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By 1938, entertainment workers unionized across the coasts with multiple organizations representing workers in film, radio and live performance. With the field expanding and television on the horizon, the Actors Equity Association President Frank Gilmore asked a simple question in a letter: why not form a single union that represents “all performers in the entertainment world”?
This utopic vision, however, would engender bitter and often heated discussions between the Screen Actors Guild (SAG) and the American Federation of Television and Radio Artists (AFTRA) for the next eighty years. When the two finally merged in 2012, ten years ago on March 30, it seemed somewhat inevitable within the shifting landscapes of longform television, online streaming and other new media ventures.
But with the dust settled, what is most surprising is that it had yet to occur. The problems of union mergers, which often spilled into public disputes about jurisdiction, became a reflection of Hollywood’s own troubled history of politics, cultural hierarchy and technology. As a new set of issues — from streaming residuals to consolidation of industry players — face SAG-AFTRA, mending the divides that once kept these groups apart now seem central to protect the dignity and security of work in an increasingly precarious environment.
SAG and AFRA (AFTRA before the “T” for television) began amongst a push among Hollywood labor to end its long reign as a non-union town. Fueled by the infamous pay cuts by studios and other unfair contract purposes through the years of the Great Depression, the major stars formed SAG in 1933. The question became how it would associate with other unions. With the power of the Wagner Act — which guaranteed workers the right to organize — and other New Deal labor reforms, unions appeared throughout every profession in the industry. The International Alliance of Stage and Theatrical Employees (IATSE) aimed through the 1930s to actually unite all of Hollywood labor under its umbrella, wielding its power through theater projectionists more than craft workers on set.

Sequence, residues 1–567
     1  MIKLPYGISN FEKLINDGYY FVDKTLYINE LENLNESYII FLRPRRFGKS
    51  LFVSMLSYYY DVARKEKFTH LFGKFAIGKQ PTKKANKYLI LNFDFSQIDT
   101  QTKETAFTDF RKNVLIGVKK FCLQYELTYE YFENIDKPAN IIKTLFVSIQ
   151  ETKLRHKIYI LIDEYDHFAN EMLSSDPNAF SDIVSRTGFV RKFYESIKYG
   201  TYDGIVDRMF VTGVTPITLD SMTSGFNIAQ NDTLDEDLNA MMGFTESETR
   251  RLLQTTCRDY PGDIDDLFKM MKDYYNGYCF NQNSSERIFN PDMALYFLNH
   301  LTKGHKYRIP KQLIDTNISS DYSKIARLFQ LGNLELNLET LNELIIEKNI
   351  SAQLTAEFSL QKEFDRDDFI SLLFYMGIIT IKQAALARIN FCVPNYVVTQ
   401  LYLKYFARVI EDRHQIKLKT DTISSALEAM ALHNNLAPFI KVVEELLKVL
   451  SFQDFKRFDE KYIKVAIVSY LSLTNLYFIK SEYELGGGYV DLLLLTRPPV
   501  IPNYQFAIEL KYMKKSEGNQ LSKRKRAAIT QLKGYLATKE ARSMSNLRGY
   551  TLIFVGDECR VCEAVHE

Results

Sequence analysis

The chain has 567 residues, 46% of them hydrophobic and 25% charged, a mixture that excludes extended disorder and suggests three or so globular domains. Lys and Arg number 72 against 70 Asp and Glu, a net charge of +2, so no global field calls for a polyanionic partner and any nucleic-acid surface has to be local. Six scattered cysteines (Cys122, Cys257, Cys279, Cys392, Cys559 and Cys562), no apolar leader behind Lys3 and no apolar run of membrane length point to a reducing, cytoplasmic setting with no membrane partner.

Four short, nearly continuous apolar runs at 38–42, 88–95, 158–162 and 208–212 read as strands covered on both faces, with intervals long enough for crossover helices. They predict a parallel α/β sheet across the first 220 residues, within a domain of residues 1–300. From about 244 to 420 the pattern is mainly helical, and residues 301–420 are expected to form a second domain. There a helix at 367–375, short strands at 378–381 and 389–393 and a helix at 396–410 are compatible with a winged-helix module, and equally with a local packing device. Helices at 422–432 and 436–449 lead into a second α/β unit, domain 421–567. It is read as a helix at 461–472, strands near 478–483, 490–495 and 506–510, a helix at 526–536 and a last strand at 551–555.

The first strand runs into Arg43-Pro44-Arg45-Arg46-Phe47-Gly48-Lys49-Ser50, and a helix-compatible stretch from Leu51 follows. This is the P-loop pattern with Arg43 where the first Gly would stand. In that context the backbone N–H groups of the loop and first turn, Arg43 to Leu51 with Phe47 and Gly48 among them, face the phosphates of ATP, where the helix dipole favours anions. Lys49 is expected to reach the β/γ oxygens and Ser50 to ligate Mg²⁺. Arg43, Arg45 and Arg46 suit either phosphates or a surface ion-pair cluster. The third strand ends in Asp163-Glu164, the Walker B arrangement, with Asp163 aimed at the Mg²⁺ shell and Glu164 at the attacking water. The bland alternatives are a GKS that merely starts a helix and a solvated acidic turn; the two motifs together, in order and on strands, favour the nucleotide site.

But SAG resisted its growing power for both cultural and political aspirations. Many felt the point of the Guild was more for “Actors Only,” representing higher professional goals. More so, they looked suspicious toward IATSE’s alleged mafia ties and felt they should build more traditional political power.